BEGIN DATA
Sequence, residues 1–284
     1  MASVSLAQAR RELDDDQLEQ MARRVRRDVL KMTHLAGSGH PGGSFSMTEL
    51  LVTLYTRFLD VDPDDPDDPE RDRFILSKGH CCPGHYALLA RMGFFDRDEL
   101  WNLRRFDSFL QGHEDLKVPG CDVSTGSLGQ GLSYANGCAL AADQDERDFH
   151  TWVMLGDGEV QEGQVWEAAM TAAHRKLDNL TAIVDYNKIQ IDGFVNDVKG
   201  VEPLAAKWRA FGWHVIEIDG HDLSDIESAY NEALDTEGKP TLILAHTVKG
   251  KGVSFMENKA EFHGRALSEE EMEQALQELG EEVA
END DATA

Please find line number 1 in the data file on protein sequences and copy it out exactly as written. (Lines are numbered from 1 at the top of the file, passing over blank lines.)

Sequence, residues 1–284